Sunday, October 08, 2006

parenting in a house divided  

posted by Michael Piwonka 3:40 PM
Mason mentioned something to me on Tuesday that's been bothering me ever since. As I was helping Allie with her math homework, Mason complained about a couple things he doesn't like about his new life in an apartment with Penny's ubiquitous boyfriend.

He said that he didn't feel that he gets to spend enough time alone with his mom because Charlie is always around. I asked him if he had discussed this with Penny, and he said he had, and that she liked Charlie being around because he "is there for her."

I mentioned it to Penny, hoping she would make more time for Mason. But the main thing I could do for him was just to reassure him that I am always available to him if he needs to talk about anything.

The second thing he mentioned, however, was much more alarming to me. It seems that if Mason asks his mom for help with his homework, Charlie tells Mason that Penny has already graduated from the second grade, and doesn't need to do second-grade homework anymore. It obviously hurt Mason's feelings (and probably is the root cause of his first complaint about Charlie being around all the time).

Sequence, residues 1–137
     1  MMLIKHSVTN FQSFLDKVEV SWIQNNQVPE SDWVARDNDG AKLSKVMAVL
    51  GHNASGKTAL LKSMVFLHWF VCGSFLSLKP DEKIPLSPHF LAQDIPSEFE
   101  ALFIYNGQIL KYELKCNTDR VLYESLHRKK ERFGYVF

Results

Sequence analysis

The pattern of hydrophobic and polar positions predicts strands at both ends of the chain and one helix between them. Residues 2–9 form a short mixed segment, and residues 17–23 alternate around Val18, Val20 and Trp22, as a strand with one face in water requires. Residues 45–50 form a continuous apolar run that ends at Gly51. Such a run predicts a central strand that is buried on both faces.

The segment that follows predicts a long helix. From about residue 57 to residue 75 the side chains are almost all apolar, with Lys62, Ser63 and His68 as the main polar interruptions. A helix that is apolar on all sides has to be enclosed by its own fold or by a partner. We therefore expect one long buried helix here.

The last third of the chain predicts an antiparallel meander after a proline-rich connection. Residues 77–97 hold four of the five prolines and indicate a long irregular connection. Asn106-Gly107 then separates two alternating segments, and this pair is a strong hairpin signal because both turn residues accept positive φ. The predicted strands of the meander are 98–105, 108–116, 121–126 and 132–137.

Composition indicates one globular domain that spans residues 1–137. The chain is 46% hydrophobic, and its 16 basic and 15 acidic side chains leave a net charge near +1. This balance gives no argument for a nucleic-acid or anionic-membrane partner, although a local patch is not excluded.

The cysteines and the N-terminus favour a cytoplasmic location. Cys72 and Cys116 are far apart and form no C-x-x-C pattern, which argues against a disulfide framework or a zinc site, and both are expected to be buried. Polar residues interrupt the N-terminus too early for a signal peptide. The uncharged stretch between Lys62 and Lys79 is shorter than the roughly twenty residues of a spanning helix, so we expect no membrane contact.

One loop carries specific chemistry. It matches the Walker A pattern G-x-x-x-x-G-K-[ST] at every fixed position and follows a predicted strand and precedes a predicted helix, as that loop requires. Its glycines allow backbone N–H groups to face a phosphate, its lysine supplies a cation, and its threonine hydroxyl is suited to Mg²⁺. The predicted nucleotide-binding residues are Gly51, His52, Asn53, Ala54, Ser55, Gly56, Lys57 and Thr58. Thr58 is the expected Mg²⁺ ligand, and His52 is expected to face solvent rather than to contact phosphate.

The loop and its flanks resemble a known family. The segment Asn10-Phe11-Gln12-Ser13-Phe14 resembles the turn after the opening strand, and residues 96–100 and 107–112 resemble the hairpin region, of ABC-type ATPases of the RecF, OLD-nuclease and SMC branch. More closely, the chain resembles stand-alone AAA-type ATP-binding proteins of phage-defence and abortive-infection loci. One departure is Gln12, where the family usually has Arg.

I sent Penny an email saying that I didn't think such demeaning comments were healthy for a child.

Penny, per usual, said that Charlie was merely "kidding", and that Mason is lazy, trying to get someone else to do his homework for him. My response was simple: I don't care if Charlie was kidding, it hurt Mason's feelings, and I don't think that belitting a child into doing his homework is the proper way to motivate a child.

Mason is very intelligent, and can do his homework easily when he wants to. While I definitely don't want anyone doing it for him, I also don't want anymore damaging his self-esteem.

Penny said she would discuss this incident with Charlie (although I'm not sure she wasn't just appeasing me; I wasn't left with the impression that she would actually mention it).

These are the kinds of issues that are difficult for me to deal with since our separation. If Penny and I don't agree on parenting issues, there's no guarantee that my concerns will be considered.

But, alas, that's how it's going to be. Since the kids spend the majority of time with Penny, my influence is reduced. However, I feel the kids realize that I care for them and for their well-being; that may be the best I can do now in a house divided.

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